When6:00 pm to 7:30 pm, October 11, 2012
LocationCubberley Auditorium, Graduate School of Education, Stanford University
485 Lasuen Mall, Stanford, CA, United States
Stephanie Brown is an Associate Professor of Preventive Medicine at SUNY Stony Brook and an Adjunct Assistant Professor at the Institute for Social Research at the University of Michigan. She received a B.S. degree in Psychology from the University of Washington, and a Ph. D. in Social Psychology from Arizona State University. She completed a 2-year N.I.M.H. postdoctoral training program in “Psychosocial Factors in Mental Health and Illness” at the Institute for Social Research at the University of Michigan. Following her postdoctoral training, Dr. Brown received a research scientist career development award (K-01) to study whether dialysis patients who provide social support to others suffer fewer symptoms of depression. This project led to a series of empirical papers conducted with fellow Center faculty member Dylan Smith, suggesting that the health benefits of social contact are due to the provision, as opposed to the receipt, of social support. Dr. Brown spent three years as an Assistant Professor on the faculty in the Department of Internal Medicine at the University of Michigan before joining the faculty at SUNY Stony Brook in December 2009. Dr. Brown’s research currently focuses on the neuro-affective mechanisms underlying altruistic and prosocial behavior and she has a three-year grant from the National Science Foundation to examine the physiological consequences of helping others. Together with center member, Dylan Smith, Dr. Brown’s research examines (a) the role that other-focused motivational states play in stress regulation (b) the implications of helping-induced stress-regulation for physical health and longevity and (c) the contribution of other-focused motivational states and behaviors to the darker side of human experience including depression, suicidality, and PTSD. These lines of research are designed to shed light into the mechanisms underlying a caregiving motivational system, including its evolutionary origins and its implications for compassionate care, medicine, economic behavior, ethnic and international conflict, and other political attitudes and behaviors.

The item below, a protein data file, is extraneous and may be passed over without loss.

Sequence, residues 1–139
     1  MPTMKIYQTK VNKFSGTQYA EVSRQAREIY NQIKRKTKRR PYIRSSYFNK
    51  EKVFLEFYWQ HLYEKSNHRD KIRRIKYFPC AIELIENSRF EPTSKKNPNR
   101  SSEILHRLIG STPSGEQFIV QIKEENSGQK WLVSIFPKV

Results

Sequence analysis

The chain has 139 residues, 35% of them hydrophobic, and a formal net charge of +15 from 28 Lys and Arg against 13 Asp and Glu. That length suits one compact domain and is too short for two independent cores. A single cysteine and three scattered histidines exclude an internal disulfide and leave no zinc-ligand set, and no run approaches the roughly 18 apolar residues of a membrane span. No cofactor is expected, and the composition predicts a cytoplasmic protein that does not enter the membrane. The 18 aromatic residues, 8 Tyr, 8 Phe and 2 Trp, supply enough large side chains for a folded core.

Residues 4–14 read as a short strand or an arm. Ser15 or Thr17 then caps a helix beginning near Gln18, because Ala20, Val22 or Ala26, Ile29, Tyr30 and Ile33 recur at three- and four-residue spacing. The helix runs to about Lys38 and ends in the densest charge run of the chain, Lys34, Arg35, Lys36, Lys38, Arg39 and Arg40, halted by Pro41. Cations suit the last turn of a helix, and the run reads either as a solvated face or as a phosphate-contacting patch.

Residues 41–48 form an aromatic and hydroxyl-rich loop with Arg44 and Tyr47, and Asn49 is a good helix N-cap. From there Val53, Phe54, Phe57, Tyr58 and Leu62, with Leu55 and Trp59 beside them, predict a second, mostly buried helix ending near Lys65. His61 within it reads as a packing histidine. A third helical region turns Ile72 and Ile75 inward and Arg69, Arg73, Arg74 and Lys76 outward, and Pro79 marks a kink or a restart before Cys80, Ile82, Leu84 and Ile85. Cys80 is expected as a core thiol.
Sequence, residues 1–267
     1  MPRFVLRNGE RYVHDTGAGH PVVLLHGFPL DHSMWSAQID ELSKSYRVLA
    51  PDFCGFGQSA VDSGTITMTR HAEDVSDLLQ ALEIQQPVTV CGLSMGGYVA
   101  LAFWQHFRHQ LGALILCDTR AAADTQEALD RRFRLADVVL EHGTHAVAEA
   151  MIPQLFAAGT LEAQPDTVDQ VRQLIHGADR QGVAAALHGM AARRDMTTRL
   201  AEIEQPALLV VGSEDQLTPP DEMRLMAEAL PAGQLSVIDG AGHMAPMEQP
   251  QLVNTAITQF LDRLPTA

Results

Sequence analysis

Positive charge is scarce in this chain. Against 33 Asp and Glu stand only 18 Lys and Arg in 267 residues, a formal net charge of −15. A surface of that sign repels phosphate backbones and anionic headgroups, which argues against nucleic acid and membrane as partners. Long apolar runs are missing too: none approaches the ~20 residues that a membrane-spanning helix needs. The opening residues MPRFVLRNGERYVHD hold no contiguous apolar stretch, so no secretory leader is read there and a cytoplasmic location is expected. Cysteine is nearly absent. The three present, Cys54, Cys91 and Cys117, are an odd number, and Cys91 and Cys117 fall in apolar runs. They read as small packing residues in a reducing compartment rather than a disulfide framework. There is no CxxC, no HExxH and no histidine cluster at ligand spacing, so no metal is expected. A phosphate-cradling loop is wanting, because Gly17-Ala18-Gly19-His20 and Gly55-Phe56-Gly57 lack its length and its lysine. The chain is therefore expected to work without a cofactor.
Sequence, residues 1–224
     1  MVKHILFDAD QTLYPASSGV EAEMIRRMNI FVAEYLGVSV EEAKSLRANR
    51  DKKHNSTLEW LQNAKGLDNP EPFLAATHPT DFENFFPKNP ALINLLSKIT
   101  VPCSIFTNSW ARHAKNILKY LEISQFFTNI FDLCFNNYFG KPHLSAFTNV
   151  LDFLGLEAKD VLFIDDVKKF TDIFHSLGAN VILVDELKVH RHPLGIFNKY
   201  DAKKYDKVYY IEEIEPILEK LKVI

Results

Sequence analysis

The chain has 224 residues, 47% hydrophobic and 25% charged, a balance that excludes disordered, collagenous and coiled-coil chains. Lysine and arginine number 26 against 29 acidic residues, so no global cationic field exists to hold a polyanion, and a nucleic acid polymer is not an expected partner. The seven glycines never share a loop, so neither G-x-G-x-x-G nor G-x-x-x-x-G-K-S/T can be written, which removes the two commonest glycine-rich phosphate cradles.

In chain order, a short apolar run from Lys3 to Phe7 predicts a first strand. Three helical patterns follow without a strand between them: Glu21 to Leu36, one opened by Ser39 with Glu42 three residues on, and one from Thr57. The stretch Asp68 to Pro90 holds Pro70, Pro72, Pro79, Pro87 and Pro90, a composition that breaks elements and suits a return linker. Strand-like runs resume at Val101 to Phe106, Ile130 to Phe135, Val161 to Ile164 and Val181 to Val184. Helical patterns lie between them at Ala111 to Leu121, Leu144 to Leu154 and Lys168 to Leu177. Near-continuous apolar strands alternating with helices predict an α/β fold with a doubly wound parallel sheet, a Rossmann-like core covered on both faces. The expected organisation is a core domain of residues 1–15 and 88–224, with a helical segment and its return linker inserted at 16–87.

This event is free and open to the public. Registration required for guaranteed seating before 5:45PM. Doors will open on first come, first serve basis after 5:45PM. Registration closes on October 11, 2012 at 9 AM. **TIME HAS BEEN CHANGED TO 6:00-7:30PM*.